Do Nurses Earn Big Money? You Decide. - page 5
by TheCommuter Senior Moderator
Am I the only one who becomes at least mildly irritated whenever a random individual finds out that someone is a nurse and proceeds to say, “You’re rolling in the big bucks!” To keep things honest, I’ll recall a few... Read More
- 10Nov 26, '12 by PalmHarborMomThis will probably not be a popular view but here it is.... I am a nursing student that changed majors from Electrical Engineering to Nursing after caring for my husband multiple times. When I graduate, I plan on taking a much deserved vacation. It will have been a long hard road in earning my BSN. During that vacation, I expect that the rooms at the hotel will be clean and there will be waiters when we go out to eat. All the jobs that will make my vacation all that it can be, are minimum wage jobs. As much as no one wants to admit it.... there will always be a place for people that do not have a higher education. Yes, it would be great if everyone made a "living wage" BUT raising the minimum only makes everything cost more. Is it right?.... No but it is reality. I have worked fast-food when I was younger, I was also in the military and have had my share of both well paying and not-so-well paying jobs. It would be great if everyone could have that dream job.... But here it is. I want my room cleaned while on vacation, waiters at restaurants and who the heck would work at Walmart if everyone had a degree? Do I agree with all of the policies regarding assistance? No. But we are also not a country that just sits back and lets children starve or live without shelter because of their parents.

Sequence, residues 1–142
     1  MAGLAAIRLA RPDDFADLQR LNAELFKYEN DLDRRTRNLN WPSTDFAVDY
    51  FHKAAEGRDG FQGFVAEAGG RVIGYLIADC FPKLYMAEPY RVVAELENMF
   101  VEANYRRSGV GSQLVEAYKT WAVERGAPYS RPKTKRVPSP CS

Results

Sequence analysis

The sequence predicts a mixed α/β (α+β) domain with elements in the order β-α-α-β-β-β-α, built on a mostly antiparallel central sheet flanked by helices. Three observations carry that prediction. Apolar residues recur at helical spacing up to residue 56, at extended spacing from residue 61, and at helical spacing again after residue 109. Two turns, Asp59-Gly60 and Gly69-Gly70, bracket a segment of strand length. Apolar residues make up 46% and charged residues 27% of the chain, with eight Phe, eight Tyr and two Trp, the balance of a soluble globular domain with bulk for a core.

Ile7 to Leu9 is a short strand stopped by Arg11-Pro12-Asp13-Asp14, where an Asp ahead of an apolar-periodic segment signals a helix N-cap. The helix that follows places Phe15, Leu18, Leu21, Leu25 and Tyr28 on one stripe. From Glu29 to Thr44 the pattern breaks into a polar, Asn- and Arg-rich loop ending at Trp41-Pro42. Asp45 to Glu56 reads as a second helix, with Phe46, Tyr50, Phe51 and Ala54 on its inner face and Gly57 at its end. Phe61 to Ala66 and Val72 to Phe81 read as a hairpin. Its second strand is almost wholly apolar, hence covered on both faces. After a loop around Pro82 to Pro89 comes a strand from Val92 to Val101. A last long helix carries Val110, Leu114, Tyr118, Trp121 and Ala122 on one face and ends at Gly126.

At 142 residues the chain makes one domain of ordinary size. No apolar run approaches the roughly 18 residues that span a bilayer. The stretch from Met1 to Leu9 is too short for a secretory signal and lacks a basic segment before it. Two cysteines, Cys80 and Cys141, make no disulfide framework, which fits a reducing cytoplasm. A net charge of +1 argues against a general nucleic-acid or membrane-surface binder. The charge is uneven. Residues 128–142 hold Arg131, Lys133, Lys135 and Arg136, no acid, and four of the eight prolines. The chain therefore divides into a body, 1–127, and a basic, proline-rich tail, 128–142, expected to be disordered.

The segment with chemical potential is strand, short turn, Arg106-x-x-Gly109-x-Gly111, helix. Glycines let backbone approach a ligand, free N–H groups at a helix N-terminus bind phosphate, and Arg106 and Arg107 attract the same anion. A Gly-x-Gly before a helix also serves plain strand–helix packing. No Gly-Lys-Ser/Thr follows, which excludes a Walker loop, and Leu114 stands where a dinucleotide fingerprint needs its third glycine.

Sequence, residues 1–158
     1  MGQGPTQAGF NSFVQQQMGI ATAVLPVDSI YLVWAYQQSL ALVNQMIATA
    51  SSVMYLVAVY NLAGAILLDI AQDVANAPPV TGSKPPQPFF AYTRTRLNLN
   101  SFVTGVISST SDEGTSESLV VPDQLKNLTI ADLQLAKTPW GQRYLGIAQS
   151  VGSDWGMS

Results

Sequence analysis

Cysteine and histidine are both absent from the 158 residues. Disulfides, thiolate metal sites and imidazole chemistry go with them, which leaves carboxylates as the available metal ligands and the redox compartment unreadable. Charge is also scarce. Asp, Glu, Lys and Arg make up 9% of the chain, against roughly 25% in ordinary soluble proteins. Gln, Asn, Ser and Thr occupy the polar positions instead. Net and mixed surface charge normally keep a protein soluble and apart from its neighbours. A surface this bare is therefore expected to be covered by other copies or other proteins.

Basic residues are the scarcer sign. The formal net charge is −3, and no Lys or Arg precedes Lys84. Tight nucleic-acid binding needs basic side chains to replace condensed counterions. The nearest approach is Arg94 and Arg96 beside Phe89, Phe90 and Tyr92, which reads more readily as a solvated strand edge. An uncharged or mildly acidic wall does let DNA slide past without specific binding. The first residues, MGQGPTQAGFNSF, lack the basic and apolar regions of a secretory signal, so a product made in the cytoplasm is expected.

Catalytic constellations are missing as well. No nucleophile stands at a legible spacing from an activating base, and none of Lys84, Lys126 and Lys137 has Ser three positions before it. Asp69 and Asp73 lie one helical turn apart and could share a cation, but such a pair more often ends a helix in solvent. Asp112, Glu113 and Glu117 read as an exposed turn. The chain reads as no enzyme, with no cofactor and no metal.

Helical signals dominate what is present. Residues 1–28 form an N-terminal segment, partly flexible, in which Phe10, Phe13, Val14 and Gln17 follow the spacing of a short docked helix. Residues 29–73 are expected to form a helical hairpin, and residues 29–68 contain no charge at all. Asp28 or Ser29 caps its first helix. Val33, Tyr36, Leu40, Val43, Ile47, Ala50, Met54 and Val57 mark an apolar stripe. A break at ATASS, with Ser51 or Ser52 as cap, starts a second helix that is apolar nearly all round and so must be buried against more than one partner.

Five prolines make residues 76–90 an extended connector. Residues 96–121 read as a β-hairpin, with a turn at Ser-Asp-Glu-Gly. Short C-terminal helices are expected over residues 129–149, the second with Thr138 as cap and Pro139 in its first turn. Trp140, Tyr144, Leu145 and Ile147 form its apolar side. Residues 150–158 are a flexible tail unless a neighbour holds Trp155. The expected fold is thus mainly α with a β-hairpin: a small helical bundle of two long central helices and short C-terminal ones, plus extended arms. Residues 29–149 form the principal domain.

I do not plan on nursing making me rich, if that was my intent I would have continued on with Electrical Engineering. But nursing will provide a comfortable living between my husband and myself. I will also be grateful that I am not in need of the hospital bed that my patients are in. There is so much in this world to be thankful for that I can not spend too much time worrying about another person's perception about how much money I make. Wealth is relative. How ever much or little that I bring home will be enough.
- 11Nov 26, '12 by charli_appleRNWhat's really interesting is how the people who receive foodstamps are ashamed of them and people who dont receive them are jealous of the people that do. Public assistance does not a lottery winner make. There are no illusions about the cost of living. People apply for welfare because they cant afford the cost......not because they dont know the cost. Believe it or not, the majority of the working class poor would prefer to pay there own way and be broke rather than jump through the government's hoops every other month....and be broke.